Scarlet Spark Team
The DACI Method: 101 -- A simple tool for role clarity, decision-making, and collaboration
Updated: Mar 7
What’s one of the biggest obstacles to effective collaboration in the workplace? Quite simply: not knowing who is doing what. The bad news is that role and decision-making confusion are major drivers of miscommunication, misalignment, frustration, and conflict at work. The good news? There is a simple role clarification process that will make everyone’s life easier while accelerating your impact. It’s called the DACI framework.
In this guide, we’ll break down how DACI works and how to make it work for you. In the next guide, we will dig deeper into advanced DACI practices.
What DACI is:
DACI is a helpful role clarity, decision-making, and collaboration tool that stands for:
What DACI means:
DRIVER: The Driver is the person responsible for a specific activity or result. Picture this person as the one in the driver’s seat of a car. Even when work is highly collaborative, it helps to designate a driver who takes responsibility for tracking and ensuring completion. Without a driver, work tends to suffer from a ‘dilution of responsibility,’ resulting in slow or no progress, even among engaged and responsible people.
APPROVER: The Approver is the final decision-maker on the activity. Using the driving metaphor, this is the person must agree to the final destination and the route you take to get there. In many cases, the Driver and Approver are the same person, but sometimes they’re not. Many people prefer to avoid making their decision-making power explicit, but this avoidance often results in confusion, delays, and disappointments. It’s generally in everyone’s best interest to spell it out.
CONSULTANT: The Consultant provides input and feedback to the Driver. These are the co-pilots in the car. Their job is not to take over the steering wheel but to help the Driver navigate the ride. Making the Consultant role explicit helps everyone involved plan their time well, and it serves as an ‘inclusion check’ – helping you spot gaps in the perspectives you are gathering. Optional: Some teams also find it helpful to spell out Contributors: people who deliver on some of the work but do not drive the entire project.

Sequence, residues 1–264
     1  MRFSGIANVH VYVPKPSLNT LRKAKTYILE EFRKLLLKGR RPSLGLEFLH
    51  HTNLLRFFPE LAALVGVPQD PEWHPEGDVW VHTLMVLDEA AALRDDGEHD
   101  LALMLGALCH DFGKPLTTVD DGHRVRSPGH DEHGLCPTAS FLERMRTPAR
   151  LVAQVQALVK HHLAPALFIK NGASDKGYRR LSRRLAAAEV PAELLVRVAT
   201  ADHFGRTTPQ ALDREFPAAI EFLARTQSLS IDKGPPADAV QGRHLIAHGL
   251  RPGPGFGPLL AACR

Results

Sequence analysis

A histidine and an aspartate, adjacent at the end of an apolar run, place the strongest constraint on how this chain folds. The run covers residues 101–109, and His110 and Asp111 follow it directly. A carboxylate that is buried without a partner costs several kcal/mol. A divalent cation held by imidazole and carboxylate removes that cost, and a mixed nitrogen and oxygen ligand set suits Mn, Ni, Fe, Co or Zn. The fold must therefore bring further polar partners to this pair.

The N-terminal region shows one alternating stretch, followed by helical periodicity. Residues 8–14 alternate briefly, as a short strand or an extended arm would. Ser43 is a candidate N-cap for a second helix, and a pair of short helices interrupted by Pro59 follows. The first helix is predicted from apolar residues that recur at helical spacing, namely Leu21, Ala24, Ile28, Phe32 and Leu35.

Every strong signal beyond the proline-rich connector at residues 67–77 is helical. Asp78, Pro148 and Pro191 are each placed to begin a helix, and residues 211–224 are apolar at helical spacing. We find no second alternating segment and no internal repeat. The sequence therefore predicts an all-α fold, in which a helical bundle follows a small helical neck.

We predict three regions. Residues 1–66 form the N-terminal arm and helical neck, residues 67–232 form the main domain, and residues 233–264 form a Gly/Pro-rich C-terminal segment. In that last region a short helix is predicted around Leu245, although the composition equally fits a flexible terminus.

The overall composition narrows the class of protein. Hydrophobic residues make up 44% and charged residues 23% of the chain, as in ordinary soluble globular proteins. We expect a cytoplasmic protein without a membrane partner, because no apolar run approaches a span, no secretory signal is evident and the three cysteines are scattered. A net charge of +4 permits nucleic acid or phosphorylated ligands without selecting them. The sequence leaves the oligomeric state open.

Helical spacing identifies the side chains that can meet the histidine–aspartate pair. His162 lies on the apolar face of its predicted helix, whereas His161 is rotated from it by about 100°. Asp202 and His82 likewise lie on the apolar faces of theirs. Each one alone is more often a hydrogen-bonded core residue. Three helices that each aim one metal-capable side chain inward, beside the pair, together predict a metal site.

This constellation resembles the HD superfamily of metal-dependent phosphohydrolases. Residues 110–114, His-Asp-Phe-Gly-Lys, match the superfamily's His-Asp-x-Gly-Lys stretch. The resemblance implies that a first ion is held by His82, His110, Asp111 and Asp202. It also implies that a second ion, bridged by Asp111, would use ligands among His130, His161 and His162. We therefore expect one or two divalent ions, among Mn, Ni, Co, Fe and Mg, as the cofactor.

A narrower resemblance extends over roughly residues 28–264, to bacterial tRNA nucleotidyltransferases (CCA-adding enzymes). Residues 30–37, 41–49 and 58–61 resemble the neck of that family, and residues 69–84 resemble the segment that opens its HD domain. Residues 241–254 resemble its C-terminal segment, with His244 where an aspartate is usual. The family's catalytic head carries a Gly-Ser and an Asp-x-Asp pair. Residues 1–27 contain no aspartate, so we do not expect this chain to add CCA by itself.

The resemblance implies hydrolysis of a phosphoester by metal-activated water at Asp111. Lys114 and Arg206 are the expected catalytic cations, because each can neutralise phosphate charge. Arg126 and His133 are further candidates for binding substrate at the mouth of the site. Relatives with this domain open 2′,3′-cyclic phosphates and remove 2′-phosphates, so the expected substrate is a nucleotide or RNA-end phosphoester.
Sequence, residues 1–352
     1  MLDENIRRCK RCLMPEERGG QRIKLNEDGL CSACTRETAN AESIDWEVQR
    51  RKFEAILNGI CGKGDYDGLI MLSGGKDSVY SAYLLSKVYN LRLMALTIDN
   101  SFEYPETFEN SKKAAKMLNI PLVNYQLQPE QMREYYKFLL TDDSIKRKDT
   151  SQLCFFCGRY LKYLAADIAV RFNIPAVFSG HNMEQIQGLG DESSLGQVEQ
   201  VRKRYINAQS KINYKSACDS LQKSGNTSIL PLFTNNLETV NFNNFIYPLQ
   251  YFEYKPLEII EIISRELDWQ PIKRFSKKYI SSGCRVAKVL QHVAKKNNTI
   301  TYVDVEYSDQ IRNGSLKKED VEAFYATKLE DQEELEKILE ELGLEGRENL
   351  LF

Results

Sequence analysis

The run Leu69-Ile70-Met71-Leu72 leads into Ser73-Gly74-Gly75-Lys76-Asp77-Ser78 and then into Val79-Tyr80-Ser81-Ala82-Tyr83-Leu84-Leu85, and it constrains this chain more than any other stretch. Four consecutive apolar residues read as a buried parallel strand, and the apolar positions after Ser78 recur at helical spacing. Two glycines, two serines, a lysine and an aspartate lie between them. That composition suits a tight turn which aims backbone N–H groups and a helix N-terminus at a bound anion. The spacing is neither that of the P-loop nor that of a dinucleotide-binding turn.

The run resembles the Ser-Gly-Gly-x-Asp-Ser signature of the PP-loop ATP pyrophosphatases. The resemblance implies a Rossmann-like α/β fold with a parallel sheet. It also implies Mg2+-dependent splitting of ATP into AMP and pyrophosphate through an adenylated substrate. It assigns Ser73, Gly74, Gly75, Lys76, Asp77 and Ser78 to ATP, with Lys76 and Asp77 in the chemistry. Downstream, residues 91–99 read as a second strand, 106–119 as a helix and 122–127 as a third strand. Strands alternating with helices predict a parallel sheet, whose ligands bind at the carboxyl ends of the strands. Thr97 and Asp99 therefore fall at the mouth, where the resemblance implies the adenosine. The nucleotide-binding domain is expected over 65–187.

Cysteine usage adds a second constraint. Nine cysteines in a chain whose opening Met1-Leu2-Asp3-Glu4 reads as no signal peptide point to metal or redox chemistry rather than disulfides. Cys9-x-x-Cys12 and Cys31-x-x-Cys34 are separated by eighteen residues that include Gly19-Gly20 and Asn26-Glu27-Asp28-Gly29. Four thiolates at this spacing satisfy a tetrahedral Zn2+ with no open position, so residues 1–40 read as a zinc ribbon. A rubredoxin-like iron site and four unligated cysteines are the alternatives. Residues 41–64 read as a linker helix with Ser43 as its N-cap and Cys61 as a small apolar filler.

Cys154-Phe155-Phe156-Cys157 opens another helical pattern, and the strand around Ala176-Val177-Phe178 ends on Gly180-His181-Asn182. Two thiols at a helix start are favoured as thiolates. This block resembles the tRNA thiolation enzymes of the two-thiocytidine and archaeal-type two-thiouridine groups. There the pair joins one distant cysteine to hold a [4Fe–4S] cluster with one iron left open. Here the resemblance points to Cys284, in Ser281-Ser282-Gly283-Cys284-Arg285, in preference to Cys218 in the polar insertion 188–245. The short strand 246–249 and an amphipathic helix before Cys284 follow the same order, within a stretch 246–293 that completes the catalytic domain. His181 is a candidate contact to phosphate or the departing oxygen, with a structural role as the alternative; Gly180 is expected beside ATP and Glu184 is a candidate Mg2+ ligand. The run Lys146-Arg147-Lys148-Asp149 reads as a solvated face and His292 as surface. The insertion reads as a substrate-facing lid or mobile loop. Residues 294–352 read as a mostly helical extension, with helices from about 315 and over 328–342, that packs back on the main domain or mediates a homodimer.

INFORMED: The Informed individuals have a passive but still important part. Imagine them sitting in the backseat of the car. They’re not driving or navigating, but they’d really like to know where you’re taking them and why (otherwise they become backseat drivers). Articulating the people on your Informed list reminds you who to keep updated and helps them anticipate your communications.
How to collaborate effectively using DACI:
There’s no one right way to apply DACI. That said, here are good points for this role clarity exercise:
Start of project: Set your DACI before you begin a project, and share it with all your ACIs, so everyone is aligned and can set aside time to collaborate.
Pro-tip: put your DACI in writing.
Role descriptions: You can also use DACI to clarify decision-making authority and responsibilities within someone’s role description.
Company or team directory: To make it easy for everyone at your company (or on your team) to know who to go to for what and how decisions are made, publish the DACIs of your most important and/or recurring responsibilities.
Pro-tip #1: List job titles rather than people’s names so you don’t have to update the directory every time the person in a particular role changes.
Pro-tip #2: Define an ongoing clarification process when DACI is unclear. For example: monthly DACI check, email to submit questions, doc to leave comments.
When in doubt: Use the elegant power of DACI whenever there is role, goal, or process confusion. For example: “Just to make sure we’re all aligned, what’s the DACI for this project?” or “Can we pause to make sure we’re all clear on who the Approver will be on this?”
How to get started:
Turning DACI clarity into a habit is one of the simplest and most powerful keys to successful teamwork.
To start building your DACI habit:
Introduce the framework to your team or, if they already know it, suggest putting it into practice. (Similar tools like RACI or MOCHA are also great to use if your team finds them more helpful.) Ask them what opportunities they see to use DACI together.
The next time you notice role confusion, use DACI to do a quick role clarity exercise.
For any project you begin, document the DACI and share it with your collaborators.
Stay tuned for our next guide on taking your DACI skills to the next level!